Myths and Facts about Sleep and Chronic Pain

Myths and Facts about Sleep and Chronic Pain

Myths and Facts about Sleep and Chronic Pain

In this webinar, Dr. Fleming described the control of normal sleep and explained some evidence-based strategies to maintain a normal sleep-wake rhythm. The findings from a variety of studies addressing the intricate, reciprocal relationship between pain and disturbed sleep were reviewed. Dr. Fleming also discussed the known mechanisms whereby pain disrupts sleep, and disturbed sleep exacerbates pain. Finally, the webinar explored the bio-psycho-social interventions that have been shown to effectively modulate pain and improve sleep.

At the conclusion of this webinar, attendees should be able to describe:

  • How normal sleep is generated and maintained.
  • How pain interferes with sleep and how disturbed sleep exacerbates pain.
  • Strategies that have been proven to improve sleep quality, reduce pain and improve quality of life in patients with chronic pain. 
Dr. Fleming

Dr. Fleming completed his undergraduate medical training at Trinity College, Dublin, Ireland in 1973. On completion of his internship at the University of Western Ontario, he came to UBC to study Psychiatry becoming a Fellow of the Royal College of Physicians and Surgeons in 1978. Interested in the REM sleep findings associated with depression, he obtained further training in Sleep Medicine at Stanford and was certified as a clinical polysomnographer in 1986. He is a Diplomate of both the American Boards of Neurology and Psychiatry and Sleep Medicine, a Fellow of the Clinical Sleep Society, a Fellow of the American Academy of Sleep Medicine, a Distinguished Fellow of the American Psychiatric Association and a founding member of the Canadian Sleep Society.  His research interests are in sleep and psychiatric disorders and the psychopharmacology of sleep and wakefulness. He is a consultant in the Sleep Disorders Program, UBC Hospital, Vancouver and is the Associate Head for Education in the Department of Psychiatry, UBC.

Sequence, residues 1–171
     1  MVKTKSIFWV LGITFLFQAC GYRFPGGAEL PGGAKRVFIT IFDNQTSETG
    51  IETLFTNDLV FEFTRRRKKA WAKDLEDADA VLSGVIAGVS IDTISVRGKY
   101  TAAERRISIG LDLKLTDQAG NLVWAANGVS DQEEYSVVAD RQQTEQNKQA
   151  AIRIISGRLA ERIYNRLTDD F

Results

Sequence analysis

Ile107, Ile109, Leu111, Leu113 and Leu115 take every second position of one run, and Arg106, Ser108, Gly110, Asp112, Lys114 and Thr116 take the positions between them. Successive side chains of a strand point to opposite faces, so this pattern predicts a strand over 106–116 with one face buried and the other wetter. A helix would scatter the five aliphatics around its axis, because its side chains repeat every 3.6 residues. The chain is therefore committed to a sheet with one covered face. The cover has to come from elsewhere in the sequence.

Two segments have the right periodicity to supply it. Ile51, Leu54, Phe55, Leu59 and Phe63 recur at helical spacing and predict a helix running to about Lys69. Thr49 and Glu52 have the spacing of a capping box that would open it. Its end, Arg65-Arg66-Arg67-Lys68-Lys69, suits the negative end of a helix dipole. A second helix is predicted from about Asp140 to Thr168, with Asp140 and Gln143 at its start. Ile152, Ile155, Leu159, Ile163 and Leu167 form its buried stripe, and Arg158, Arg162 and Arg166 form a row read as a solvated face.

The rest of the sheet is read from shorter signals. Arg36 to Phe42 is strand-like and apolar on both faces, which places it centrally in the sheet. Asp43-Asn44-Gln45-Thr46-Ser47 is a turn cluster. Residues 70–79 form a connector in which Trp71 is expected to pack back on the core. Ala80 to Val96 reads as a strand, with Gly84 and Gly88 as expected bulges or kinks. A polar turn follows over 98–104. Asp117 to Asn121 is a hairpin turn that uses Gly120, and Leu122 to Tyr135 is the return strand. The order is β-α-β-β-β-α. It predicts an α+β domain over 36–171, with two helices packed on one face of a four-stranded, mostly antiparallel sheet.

Event Sponsors: 

This event is co-sponsored by Pain BC, CIRPD, and The Canadian Pain Coalition.